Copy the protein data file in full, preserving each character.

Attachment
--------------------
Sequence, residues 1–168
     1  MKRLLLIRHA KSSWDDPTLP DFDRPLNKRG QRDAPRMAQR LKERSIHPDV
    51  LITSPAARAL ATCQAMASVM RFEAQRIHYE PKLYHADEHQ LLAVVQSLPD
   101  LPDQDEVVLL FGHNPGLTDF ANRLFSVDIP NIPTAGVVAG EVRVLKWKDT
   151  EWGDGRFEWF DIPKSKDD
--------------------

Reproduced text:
Sequence, residues 1–168
     1  MKRLLLIRHA KSSWDDPTLP DFDRPLNKRG QRDAPRMAQR LKERSIHPDV
    51  LITSPAARAL ATCQAMASVM RFEAQRIHYE PKLYHADEHQ LLAVVQSLPD
   101  LPDQDEVVLL FGHNPGLTDF ANRLFSVDIP NIPTAGVVAG EVRVLKWKDT
   151  EWGDGRFEWF DIPKSKDD